NEWS

Zuma's Judicial Inquiry Into State Capture Could Be A Whitewash Like The Arms Deal

“Zuma is entitled to appoint a judge of his choice and negotiate the terms of the inquiry."

29/05/2017 18:49 SAST | Updated 30/05/2017 07:58 SAST

Analysis
The ANC's rigidity in support of President Jacob Zuma negotiating the terms of a judicial commission of inquiry into state capture may result in a whitewashed report similar to that of the Arms Deal.

The African National Congress wants a judicial commission of inquiry into state capture established without delay.

ANC secretary general Gwede Mantashe said the proposal was made by President Jacob Zuma when he delivered the political report to the party's National Executive Committee (NEC). The party said it also wanted a review of the Public Protector's findings.

"The terms of reference of such a commission of inquiry must be broad enough to uncover the influence of business on the state," Mantashe said.

Although the ANC called for the process of establishing a judicial commission of inquiry into allegations of state capture to be "accelerated", they remain steadfast on their position that Zuma should appoint a judge to preside over it.

Legal expert James Grant said a clear bias in structuring the terms of the inquiry may result in skewed findings. But he said Zuma is just doing what the law prescribes.

The last time Zuma had a hand in appointing a presiding judge over an important judicial commission of enquiry was for the Arms Deal. The final report was described by political commentators as a whitewash that acquitted government of any wrongdoing. It was mocked widely for the incorrect handling of witnesses and the exclusion of important documentation.

Zuma was accused of receiving bribes in the range of R500,000 a year bribe from French arms company, Thales in exchange for political protection in the arms deal probe as well as in the hope of securing future business.

Grant said essentially, Zuma, in the inquiry into the Arms Deal and now into State Capture, is doing exactly what the law allows him to do.

"Zuma is entitled to appoint a judge of his choice and negotiate the terms of the inquiry. I don't see another way around it. This shows how desperately we need to amend our constitution. Zuma has managed to delay his 783 criminal charges for almost 10 years, he dodged the Arms Deal debacle and is seemingly using the same tactic now," Grant said.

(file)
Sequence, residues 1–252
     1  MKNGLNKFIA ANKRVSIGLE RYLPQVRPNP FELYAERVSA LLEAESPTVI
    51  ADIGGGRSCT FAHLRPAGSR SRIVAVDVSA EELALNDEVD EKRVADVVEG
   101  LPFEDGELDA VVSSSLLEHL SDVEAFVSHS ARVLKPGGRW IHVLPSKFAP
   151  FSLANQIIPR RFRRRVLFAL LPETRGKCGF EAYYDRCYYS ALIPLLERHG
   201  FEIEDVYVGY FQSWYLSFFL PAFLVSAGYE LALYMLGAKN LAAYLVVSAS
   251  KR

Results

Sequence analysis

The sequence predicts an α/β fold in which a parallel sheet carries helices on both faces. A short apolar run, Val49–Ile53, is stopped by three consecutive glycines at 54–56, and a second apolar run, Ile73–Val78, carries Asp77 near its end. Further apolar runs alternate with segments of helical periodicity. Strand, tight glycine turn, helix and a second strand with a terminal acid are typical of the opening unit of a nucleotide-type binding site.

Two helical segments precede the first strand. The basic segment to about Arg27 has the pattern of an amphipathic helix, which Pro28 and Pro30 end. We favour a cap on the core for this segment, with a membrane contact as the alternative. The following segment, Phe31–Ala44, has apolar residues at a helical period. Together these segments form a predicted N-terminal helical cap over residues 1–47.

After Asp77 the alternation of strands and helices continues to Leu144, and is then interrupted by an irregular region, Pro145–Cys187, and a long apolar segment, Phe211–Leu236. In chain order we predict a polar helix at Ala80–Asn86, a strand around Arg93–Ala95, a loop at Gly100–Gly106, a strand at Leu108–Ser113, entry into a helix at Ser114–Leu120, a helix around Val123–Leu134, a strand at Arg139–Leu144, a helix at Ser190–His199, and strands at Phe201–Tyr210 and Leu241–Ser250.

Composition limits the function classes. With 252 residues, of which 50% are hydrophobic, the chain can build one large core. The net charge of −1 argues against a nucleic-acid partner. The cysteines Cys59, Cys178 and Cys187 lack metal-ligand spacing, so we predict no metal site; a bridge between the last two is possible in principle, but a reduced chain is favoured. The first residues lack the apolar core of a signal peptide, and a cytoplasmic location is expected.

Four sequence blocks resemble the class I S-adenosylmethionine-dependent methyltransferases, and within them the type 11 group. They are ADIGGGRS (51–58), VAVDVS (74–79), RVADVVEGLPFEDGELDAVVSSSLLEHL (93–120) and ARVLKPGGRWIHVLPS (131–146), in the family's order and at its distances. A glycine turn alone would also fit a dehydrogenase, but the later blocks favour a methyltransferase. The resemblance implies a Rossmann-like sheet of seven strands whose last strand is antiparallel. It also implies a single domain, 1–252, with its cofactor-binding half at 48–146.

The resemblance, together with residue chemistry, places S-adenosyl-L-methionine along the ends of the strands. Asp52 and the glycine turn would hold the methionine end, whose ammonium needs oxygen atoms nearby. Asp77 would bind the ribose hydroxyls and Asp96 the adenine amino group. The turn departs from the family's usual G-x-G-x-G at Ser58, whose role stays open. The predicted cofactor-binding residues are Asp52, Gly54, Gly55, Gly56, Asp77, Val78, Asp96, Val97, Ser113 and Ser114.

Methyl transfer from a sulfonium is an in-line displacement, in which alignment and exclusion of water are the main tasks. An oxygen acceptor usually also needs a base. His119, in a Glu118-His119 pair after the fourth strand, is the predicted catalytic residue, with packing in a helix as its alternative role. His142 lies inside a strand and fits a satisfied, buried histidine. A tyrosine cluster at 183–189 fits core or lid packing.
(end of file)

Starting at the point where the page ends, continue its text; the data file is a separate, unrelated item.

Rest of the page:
ANC wants Zuma to establish the inquiry
More recently, former public protector Thuli Madonsela, in the recommendations of her State of Capture report, said the judicial commission of inquiry should be presided over by a judge selected by Chief Justice Mogoeng Mogoeng.

But it seems the ANC will not budge and their intentions were made clear after reporting back on the outcomes of their National Executive Committee meeting at the weekend.

At a media briefing on Monday, ANC Secretary General Gwede Mantashe said an investigation into state capture should be tabled "without delay", but it must expand on Madonsela's report in attempts to uncover the general influence of businesses on the State.

Mantashe said the inquiry should track all the way back to 1994.

"The NEC expressed its desire to see all processes of reviewing the Public Protector's State of Capture report accelerated so that they are not an obstacle to the speedy establishment of the Judicial Commission into State Capture," he said.

Answering questions after his speech, Mantashe said the NEC agreed Zuma should establish the inquiry. He said their interests are not only to justify the findings of the state capture report, but also to understand the depth of business' influence on Cabinet.

"If I'm captured by somebody else other than the Guptas, I'm not better off than people captured by the Guptas. Let's drill deep and understand the influence of businesses on the ANC. It will go beyond the scope of the public protector's report."

Mantashe said asking the Chief Justice to appoint a judge to preside over the inquiry would be tampering with the Constitution.

"We are a constitutional state. What does the Constitution say? Should it be because we are suspicious of the incumbent that we should tamper with the constitution?" he asked.

The Constitution makes provisions for the President to choose what type of a commission of inquiry should be established and who should preside over it.

Vote in line with the ANC or else...
Discussing the motion of no confidence in Zuma tabled at the meeting, Mantashe said whether a secret ballot is granted by the court or not, ANC MPs are expected to vote in line with the decision of the party's caucus.

He said those who fail to do so will be in violation of the party's constitution and will be seen as acting in collaboration with "counter-revolutionary forces".

"A number of members of the NEC were of the view that the ANC should listen to this call. Various contributions in support of and against the appeal to President to step down were raised. Many more were neither in favor nor against the appeal but emphasized the need for unity within the organization," Mantashe said.

He said some calls for Zuma's axing, especially those made by the opposition, are not so much about removing the president but rather dislodging the ANC itself from power.

"The NEC concluded the matter by recommitting itself to focus on the task at hand and what our people expect from us. Implementing, refining and advancing policies that solve their problems of inequality, poverty and unemployment as we move towards the National Policy Conference."

The NEC also discussed the downgrade and gender-based violence.